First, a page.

Tuesday, 21 January 2014

"The power to surprise"

   To borrow Kia's phrase "The power to surprise", I am certainly not referring to their latest SUV but a meeting today with my supervisor. Even at this early stage of the PhD I had an idea of what I was going to be working on over the next few years and a plan in my head as to how things might pan out. That was until today... during the meeting I presented a tentative work plan for the coming three years and a more detailed plan for the next 12 months, as I saw it. Two hours later work plan version 1.0 mais well be consigned to the recycle bin (not all that bad as can use to to develop version 2).

   The Prof (will call my supervisor that from now on) suggested (and we discussed) a whole new way of looking at the problem of representing vegetation in urban areas that was not restricted to a single modelling framework. In fact the production of a final operational model as it turns out (in the Profs view) should not be the overall aim of the PhD, it is more important to ensure the science is correct, implementation can wait as it is a trivial coding exercise. That means that I have greater freedom when developing and testing the model I chose to construct on close consultation with the literature and what question I want to answer. This flexibility would then allow additional coupling with a range of models that are not restricted by the the frameworks of operational numerical prediction models (although an overall aim would be to implement my findings within them if possible). So tomorrow it is time to have a re-think of the key reading I need to undertake and start to formulate those initial questions.

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Departmental Seminar (Monday 20th July)
'Chemtrails, carbon tragets and methane burps: Climate science communication in the UK government'
Tyrone Dunbar (Met Office Hadley Centre/ DEFRA/ DECC - formally at Reading)

   Something a little different for a seminar, with a focus on how to communicate often complex scientific theories in a correct and concise manner to the UK government. Tyrone gave an overview of his role in this process for DEFRA (Department for Environment, Food & Rural Affairs) and DECC (Department of Energy & Climate Change) where he produces science statements to aid policy and law makers (Members of Parliament and House of Lords) from the latest meteorology and climate research.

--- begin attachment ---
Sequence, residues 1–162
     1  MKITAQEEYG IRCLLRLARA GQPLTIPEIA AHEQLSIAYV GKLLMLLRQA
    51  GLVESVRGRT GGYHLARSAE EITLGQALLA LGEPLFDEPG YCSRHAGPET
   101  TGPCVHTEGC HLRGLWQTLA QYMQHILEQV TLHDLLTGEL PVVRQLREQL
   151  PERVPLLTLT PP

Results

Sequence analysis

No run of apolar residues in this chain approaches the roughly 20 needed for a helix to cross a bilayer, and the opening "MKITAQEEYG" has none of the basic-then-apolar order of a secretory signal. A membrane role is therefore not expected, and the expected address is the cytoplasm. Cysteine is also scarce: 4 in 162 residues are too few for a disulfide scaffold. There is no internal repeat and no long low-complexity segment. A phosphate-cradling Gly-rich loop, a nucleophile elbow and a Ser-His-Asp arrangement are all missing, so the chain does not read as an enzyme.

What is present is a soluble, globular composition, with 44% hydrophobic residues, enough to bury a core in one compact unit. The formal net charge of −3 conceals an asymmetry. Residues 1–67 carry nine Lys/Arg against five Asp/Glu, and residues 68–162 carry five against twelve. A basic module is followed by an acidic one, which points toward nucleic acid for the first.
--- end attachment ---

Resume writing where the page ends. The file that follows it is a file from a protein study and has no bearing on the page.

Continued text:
One of the most worrying aspects of his job was the need to explain the headlines of the Daily Mail and Express (other papers too) are not scientifically accurate to MPs! He produces a briefing note that summaries the true science behind the headline (if there is any) in three easy to remember soundbites that unsuspecting MPs can then use if they are questioned on the headlines by journalists. However this task is not limited to spurious press stories but also includes scientific papers that make the news. The example he presented was a paper on 'Methane Burps' that highlighted the potential financial impact of a sudden mass release of methane from the tundra and sea floor. In this case Tyrone contacted the experts in the relevant field whether that be in other government funded research institutes (e.g. Met Office) or academic specialists to get consensus/facts before producing the a response and guidance. It turned out some of the assumptions made in the paper were extremely unlikely in reality meaning that some the underlying science was questionable.
   Other aspects of his work included producing responses to freedom of information requests from the public and questions asked in parliament. He informed the audience of a scheme that matches up academics with civil service personnel to see how DECC and DEFRA operate and how science is used in the formulation of policy.
   From this talk I certainly will take away the need to be able to explain your research concisely and in terms that are understandable to a wider audience and to ensure that pictures used to describe your work are chosen carefully.        
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